- Disclose all the pigments or other colorants used in the formulation.
- Include the material safety data sheet (MSDS) for each chemical component, a diagram of the chemical structure and the molecular formula of the finished material, and the Chemical Abstracts Service (CAS) number if available.
6.0 PHYSICAL AND MECHANICAL PROPERTIES
The denture base material should be compared to the predicate material in terms of:
- Color Stability (Clear, Translucent, etc.)
- Hardness (Knoop, HK)
- Linear Shrinkage (%)
- Peak Temperature of Polymerization (° C)
- Porosity (bubbles or voids visible at 40 cm)
- Solubility (mg/cm2)
- Strength (Transverse Deflection, mm)
- Water Absorption (mg/cm2)
If the physical properties of the denture base material conform to a consensus standard for performance testing, the specific standard should be referenced as follows:
Denture base material ANSI/ADA Specification No.
Denture Base Polymers #12
Denture Cold-Curing Repair Resins #13
Denture Base Temporary Relining Resins #17
A summary should be provided of the methodology and results of all bench testing that has been conducted. The quantitative test results for your materials testing should compared to those of predicate impression materials.
7.0 BIOCOMPATIBILITY TESTING
Biological evaluation of medical devices is performed to determine the potential toxicity resulting from contact of the component materials of the device with the body. The device materials should not, either directly or through the release of their material constituents: (1)Produce significant adverse local or systemic effects; (2)be carcinogenic; or (3)produce adverse reproductive and developmental effects. Therefore, evaluation of any new device intended for human use requires data from systematic testing to ensure that the benefits provided by the final product will exceed any potential risks produced by device materials.
The ISO standard, ISO-10993, Part 1 uses an approach to test selection that is very similar to the Tripartite Guidance used in the past by FDA. It also uses a tabular format (matrix) for laying out the test requirements based on the various factors discussed above. The matrix consists of two tables, "Initial Evaluation Tests for Consideration" and "Supplementary Evaluation Tests for Consideration." To harmonize biological response testing with the requirements of other countries, FDA has recognized the ISO standard. Reviewers in the Office of Device Evaluation will accept data developed according to ISO-10993, Part 1, with the matrix as modified and presented in Blue Book Memorandum #G95-1 entitled "Use of International Standard ISO-10993, "Biological Evaluation of Medical Devices Part-1: Evaluation and Testing."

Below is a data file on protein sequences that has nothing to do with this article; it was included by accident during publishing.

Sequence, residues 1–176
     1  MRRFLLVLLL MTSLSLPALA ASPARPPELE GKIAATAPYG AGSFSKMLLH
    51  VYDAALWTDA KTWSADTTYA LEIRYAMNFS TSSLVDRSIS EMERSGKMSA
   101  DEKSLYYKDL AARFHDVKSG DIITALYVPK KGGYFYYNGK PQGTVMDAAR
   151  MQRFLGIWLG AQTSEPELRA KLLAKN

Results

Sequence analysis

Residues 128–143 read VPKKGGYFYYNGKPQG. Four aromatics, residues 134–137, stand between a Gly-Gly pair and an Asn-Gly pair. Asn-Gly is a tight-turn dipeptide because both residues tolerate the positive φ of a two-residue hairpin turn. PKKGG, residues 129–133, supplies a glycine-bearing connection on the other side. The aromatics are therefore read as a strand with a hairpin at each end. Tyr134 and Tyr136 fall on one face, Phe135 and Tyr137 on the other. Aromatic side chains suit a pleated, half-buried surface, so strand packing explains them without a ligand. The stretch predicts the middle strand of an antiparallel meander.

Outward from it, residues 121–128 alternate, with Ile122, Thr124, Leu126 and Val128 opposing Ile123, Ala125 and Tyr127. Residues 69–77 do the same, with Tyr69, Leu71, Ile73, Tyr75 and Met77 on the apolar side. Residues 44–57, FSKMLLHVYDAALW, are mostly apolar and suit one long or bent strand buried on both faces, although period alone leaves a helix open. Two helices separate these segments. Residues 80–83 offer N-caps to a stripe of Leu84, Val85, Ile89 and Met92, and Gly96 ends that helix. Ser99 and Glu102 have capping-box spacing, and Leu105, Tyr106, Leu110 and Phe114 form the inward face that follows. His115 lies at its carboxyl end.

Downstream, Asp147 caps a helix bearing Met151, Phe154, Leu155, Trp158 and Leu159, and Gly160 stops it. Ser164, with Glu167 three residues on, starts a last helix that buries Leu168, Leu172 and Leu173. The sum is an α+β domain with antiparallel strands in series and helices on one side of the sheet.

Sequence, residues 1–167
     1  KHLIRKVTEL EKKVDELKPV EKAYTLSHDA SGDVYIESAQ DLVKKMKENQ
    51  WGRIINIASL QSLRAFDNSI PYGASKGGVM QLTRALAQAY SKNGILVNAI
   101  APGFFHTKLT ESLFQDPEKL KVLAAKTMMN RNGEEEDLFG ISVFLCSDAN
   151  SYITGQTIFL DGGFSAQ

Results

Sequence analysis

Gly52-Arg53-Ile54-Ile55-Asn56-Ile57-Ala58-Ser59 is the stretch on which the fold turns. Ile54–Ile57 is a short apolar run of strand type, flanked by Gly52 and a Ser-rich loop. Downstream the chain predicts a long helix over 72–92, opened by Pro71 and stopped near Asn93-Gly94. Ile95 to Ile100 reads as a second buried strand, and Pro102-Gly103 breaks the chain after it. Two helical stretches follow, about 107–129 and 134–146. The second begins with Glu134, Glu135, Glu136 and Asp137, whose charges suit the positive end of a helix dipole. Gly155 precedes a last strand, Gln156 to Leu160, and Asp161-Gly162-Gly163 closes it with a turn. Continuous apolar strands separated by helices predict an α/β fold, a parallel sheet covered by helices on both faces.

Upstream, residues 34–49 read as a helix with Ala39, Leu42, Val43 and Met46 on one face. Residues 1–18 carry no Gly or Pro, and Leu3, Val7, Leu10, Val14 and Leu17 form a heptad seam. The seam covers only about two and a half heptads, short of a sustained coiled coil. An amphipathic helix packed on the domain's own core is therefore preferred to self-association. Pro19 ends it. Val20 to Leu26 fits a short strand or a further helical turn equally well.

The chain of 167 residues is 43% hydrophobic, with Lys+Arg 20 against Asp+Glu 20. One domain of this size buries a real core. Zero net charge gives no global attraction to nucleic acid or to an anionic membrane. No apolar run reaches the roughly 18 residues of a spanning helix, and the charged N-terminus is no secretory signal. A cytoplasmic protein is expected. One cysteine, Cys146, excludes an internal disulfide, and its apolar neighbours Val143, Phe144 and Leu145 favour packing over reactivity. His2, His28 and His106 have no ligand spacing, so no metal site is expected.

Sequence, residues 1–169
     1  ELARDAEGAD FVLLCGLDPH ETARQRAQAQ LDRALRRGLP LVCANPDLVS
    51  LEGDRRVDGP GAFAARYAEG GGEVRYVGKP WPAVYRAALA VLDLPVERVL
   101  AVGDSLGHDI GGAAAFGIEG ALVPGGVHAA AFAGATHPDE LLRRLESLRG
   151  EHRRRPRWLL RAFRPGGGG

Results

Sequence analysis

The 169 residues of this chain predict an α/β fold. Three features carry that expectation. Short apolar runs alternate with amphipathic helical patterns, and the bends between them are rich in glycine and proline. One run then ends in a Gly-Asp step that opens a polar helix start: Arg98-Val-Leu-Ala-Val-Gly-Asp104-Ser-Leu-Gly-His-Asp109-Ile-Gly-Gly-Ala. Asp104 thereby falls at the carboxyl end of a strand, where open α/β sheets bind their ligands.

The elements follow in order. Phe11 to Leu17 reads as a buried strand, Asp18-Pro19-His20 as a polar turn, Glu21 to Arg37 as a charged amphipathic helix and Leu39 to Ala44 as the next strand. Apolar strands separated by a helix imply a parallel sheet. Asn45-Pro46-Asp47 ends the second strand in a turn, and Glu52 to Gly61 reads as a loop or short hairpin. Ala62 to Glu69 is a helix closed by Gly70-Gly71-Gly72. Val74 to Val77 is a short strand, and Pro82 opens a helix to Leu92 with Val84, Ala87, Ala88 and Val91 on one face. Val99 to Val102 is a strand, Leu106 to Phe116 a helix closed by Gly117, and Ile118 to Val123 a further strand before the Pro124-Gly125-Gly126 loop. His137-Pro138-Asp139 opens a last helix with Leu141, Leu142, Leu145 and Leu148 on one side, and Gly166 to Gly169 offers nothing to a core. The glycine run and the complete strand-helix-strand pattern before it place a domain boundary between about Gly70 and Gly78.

Manufacturers are advised to begin discussions with the Dental Devices Branch prior to the initiation of expensive, long-term testing of any new device materials to ensure that the proper testing will be conducted, and to avoid unnecessary tests.
Biocompatibility testing is indicated when the product contains a "new" or nonconventional chemical component, and for which the safety or effectiveness of the resulting formulation is in question. A material may be considered new based upon several factors, such as methods of manufacture, sterilization, duration of body exposure, etc. The biocompatibility tests should be performed on the finished product, i.e., in a form as close as possible to what the patient will be exposed to.
The following tests have been identified as necessary for the evaluation of substantial equivalence in such a case. This is a list of the minimum testing which should be addressed in a regulatory submission.
-In Vitro Cytotoxicity
-Ames Test for Mutagenicity
-Mucus Membrane Irritation (hamster’s pouch)
-Sensitization Test in Guinea Pigs, and
-Carcinogenicity (if tumorigenic potential has not been previously documented)
For details on how to conduct these tests, refer to an appropriate international standard such as: American National Standard/American Dental Association Document No. 41 for Recommended Standard Practices for Biological Evaluation of Dental Materials,1982; or ISO/TR: 1984(E), Biological Evaluation of Dental Materials, 1984.
It is important to the consumer that the labeling for the OTC denture cushions or pads, OTC denture reliners, and OTC denture repair kits bear clear, accurate, and complete information for use concerning any relevant indications, method of preparation, hazards, contraindications, and precautions in their use.
As set forth in 21 CFR Part 801.405, recommended warning statements include:
Denture Reliners, Pads, and Cushions:
Warning—For temporary use only. Long term use of this product may lead to faster bone loss, continuing irritation, sores, and tumors. For Use Only Until A Dentist Can Be Seen.
Denture Repair Kits:
Warning—For emergency repairs only. Long term use of home-repaired dentures may cause faster bone loss, continuing irritation, sores, and tumors. This kit for emergency use only. See Dentist Without Delay.
Include in the 510(k) submission for OTC denture cushions or pads, OTC denture reliners, OTC denture repair kits, and partially fabricated denture kits, the proposed package labels and labeling, including any promotion and advertising information. Labeling refers to the package label plus other written, printed, or graphic material that accompanies the device or that is placed on either the device or any of its wrappers or containers. Advertising may be considered labeling, especially if it accompanies the device. The labeling must bear adequate directions for use and any warnings needed to ensure the safe use of the device. See sections 201(k) and (m) and 502(f)(1) and (2) of the Federal Food, Drug, and Cosmetic Act.
If you wish specific advice on the applicability to your device of the FDA labeling regulation (21 CFR Part 801), please contact the Office of Compliance at (301) 594-4618. Also, for questions on the promotion and advertising of your device, please contact the Office of Compliance at (301) 594-4639. Additionally, note the regulation titled "Misbranding by reference to premarket notification" (21 CFR Part 807.97).
Questions regarding this guidance should be addressed to:
Dr. Susan Runner
U.S. Food and Drug Administration
Center for Devices and Radiological Health
Office of Device Evaluation
Dental Devices Branch, HFZ-480
9200 Corporate Blvd.
Rockville, MD 20850
General information on your responsibilities under the Act may be obtained from the Division of Small Manufacturers Assistance at its toll-free number (800) 638-2041 or (301) 443-6597 or at its Internet web site: http://www.fda.gov/cdrh/dsma/dsmamain.html.
You can submit online or written comments on any guidance at any time (see 21 CFR 10.115(g)(5))
If unable to submit comments online, please mail written comments to:
Food and Drug Administration
5630 Fishers Lane, Rm 1061
Rockville, MD 20852
All written comments should be identified with this document's docket number: FDA-2017-P-5124.